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Ajit Kumar Dubey
Ajit Kumar Dubey


Ammo amok

35Parrikar Taking stock: Parrikar (in white) and General Dalbir Singh (left) at Pulgaon | PTI

Has government learnt nothing from ordnance depot fires?

The Central Ammunition Depot's inventory has 14 kinds of ammunition, from AK-47 bullets to BrahMos missiles. Commanded by a brigadier, the depot is spread over 7,000 acres at Pulgaon in Maharashtra's Wardha district. On May 31, tragedy struck when a fire swept through a shed containing anti-tank mines. Seventeen jawans and two officers died fighting the fire.

Army sources said that CAD firefighters noticed the fire at 1am and engaged it with equipment provided in the shed. But, warmed by the fire, the mines started exploding. Of the men who fought the fire, 19 died, three are critically injured and one is missing.

“Bodies are charred beyond recognition,” a CAD officer said. “We will carry out DNA tests to identify the bodies, and, only then will we hand them over to the families.”


Sources said sheds next to the gutted one contained artillery shells. Had the flames reached there, it would have been a repeat of earlier fires at field depots in Bharatpur and Kundru (see box). In both instances, exploding artillery shells caused considerable damage to the depot.

Defence Minister Manohar Parrikar visited the CAD to condole the deaths. Full of praise for the firefighters, he said their sacrifice prevented more deaths. General Dalbir Singh, the Army chief, has ordered a court of inquiry. The CAD comes directly under Army Headquarters. Its stock comes from domestic ordnance factories and through imports. The ordnance is then supplied to troops through the countrywide network of field depots.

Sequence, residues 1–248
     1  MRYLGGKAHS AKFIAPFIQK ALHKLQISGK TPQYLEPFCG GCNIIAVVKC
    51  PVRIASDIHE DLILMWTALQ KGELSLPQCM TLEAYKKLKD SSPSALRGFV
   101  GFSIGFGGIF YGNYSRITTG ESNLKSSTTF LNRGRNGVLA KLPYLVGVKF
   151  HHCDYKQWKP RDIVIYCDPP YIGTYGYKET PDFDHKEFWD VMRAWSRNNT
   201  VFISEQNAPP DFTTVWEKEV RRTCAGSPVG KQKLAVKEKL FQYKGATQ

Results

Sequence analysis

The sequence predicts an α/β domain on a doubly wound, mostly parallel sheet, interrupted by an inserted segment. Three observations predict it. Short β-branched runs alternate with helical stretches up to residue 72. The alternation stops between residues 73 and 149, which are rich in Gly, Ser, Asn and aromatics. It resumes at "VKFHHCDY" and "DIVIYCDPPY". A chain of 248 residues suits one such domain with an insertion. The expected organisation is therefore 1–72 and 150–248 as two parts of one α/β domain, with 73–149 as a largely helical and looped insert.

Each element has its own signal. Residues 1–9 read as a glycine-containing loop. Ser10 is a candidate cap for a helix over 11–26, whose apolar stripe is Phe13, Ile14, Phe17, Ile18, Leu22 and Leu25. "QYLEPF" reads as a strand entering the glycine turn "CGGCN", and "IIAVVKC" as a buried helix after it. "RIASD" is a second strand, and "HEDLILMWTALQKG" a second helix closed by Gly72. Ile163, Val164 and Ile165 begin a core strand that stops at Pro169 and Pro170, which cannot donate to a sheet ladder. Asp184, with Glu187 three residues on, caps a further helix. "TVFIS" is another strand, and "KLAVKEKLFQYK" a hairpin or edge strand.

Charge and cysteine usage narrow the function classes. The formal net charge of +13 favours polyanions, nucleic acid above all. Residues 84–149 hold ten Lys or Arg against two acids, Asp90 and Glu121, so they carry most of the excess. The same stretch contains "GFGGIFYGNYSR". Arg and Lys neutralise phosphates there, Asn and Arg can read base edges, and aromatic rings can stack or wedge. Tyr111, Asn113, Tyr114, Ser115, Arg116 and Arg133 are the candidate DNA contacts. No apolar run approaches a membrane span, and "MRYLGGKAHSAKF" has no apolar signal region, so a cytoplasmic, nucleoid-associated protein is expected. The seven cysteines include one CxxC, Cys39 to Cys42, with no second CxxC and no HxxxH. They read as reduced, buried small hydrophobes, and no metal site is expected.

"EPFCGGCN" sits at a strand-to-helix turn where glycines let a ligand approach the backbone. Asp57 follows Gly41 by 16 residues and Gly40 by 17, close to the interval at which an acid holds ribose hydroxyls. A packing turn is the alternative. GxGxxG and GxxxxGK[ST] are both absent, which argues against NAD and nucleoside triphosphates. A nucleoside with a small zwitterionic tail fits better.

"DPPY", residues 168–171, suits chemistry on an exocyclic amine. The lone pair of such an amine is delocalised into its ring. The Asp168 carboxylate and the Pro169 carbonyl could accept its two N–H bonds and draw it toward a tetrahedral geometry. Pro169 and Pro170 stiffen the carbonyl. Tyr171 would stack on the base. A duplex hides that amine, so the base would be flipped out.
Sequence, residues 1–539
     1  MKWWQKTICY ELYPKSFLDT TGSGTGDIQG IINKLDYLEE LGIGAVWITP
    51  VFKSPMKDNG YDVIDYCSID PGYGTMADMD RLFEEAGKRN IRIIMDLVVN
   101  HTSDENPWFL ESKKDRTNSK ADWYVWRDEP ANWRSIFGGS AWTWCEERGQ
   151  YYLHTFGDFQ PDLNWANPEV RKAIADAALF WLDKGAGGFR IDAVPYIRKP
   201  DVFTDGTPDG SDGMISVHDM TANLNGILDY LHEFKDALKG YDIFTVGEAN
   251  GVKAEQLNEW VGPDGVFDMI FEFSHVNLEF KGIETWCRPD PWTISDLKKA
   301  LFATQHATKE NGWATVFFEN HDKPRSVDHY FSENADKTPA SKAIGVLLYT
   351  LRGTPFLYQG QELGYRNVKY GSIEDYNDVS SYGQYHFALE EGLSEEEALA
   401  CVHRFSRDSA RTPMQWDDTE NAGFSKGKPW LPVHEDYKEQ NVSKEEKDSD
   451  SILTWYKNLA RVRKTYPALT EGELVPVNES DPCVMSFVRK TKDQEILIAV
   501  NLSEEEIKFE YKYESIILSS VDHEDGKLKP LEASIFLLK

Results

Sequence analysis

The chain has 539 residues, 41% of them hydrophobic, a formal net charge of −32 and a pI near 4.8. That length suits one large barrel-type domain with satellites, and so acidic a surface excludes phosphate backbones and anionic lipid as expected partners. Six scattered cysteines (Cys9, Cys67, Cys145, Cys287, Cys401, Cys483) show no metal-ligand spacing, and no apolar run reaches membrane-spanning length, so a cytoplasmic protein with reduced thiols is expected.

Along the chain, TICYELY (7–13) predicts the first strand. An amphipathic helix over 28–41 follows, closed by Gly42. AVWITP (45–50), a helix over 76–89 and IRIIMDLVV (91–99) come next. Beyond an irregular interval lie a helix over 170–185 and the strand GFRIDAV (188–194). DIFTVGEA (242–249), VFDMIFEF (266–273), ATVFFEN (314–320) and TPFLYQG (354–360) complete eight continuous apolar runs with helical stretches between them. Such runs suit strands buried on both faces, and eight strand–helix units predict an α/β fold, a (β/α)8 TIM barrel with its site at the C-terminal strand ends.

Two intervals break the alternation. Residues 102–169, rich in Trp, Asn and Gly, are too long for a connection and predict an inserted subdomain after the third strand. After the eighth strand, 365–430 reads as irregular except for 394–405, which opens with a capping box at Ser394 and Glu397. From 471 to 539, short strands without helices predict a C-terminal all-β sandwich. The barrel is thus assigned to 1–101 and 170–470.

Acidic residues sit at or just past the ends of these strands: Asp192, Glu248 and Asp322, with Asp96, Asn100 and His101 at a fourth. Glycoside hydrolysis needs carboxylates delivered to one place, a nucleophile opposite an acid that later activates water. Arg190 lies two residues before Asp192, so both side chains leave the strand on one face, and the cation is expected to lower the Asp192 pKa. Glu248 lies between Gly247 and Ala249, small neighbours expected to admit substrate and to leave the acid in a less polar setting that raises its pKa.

Previous fires have all been in field depots, and guidelines have been issued to prevent such incidents. According to guidelines, firefighters are to engage a fire only if it is restricted to one shed. If it is spreading, personnel must take cover to protect themselves from shrapnel. Also, all undergrowth must be mowed to prevent spread of fires. Depots have also been instructed to keep all wiring concealed.

Though the cause of the fire in the CAD has not been ascertained, Army sources said all fires happened in summer. Officers also said there would have been more deaths if the CAD was storing its full quota of munitions when the mishap happened.

In a report to Parliament, the Comptroller and Auditor General of India was highly critical of the firefighting capabilities of armament depots. The report said: “Deficiency of firefighting staff and main firefighting equipment during 2008-13 was 47 and 65 per cent, respectively, in eight selected depots. The step for revision of firefighting staff and equipment was initiated by Director General (Ordnance and Supplies) in November 2011, but the same could not be finalised till March 31, 2013. The depots were functioning with risk of fire accident as the equipment and manpower are not held as per requirement, as these depots were holding depots of ammunition.” The CAG also reprimanded the Army for storing around 20 per cent of its ammunition inventory in temporary shelters, which could even be just under a tarpaulin cover. Ideally, sheds for ammunition storage should be underground, igloo-shaped and made of concrete.

Army officers said this was the second major mishap involving anti-tank mines. In 2001, during Operation Parakram, 30 jawans were killed while transporting anti-tank mine fuses. “The jawans were taking away the fuses for disposal in three trucks when the explosions took place,” an officer said.

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Topics : #defence

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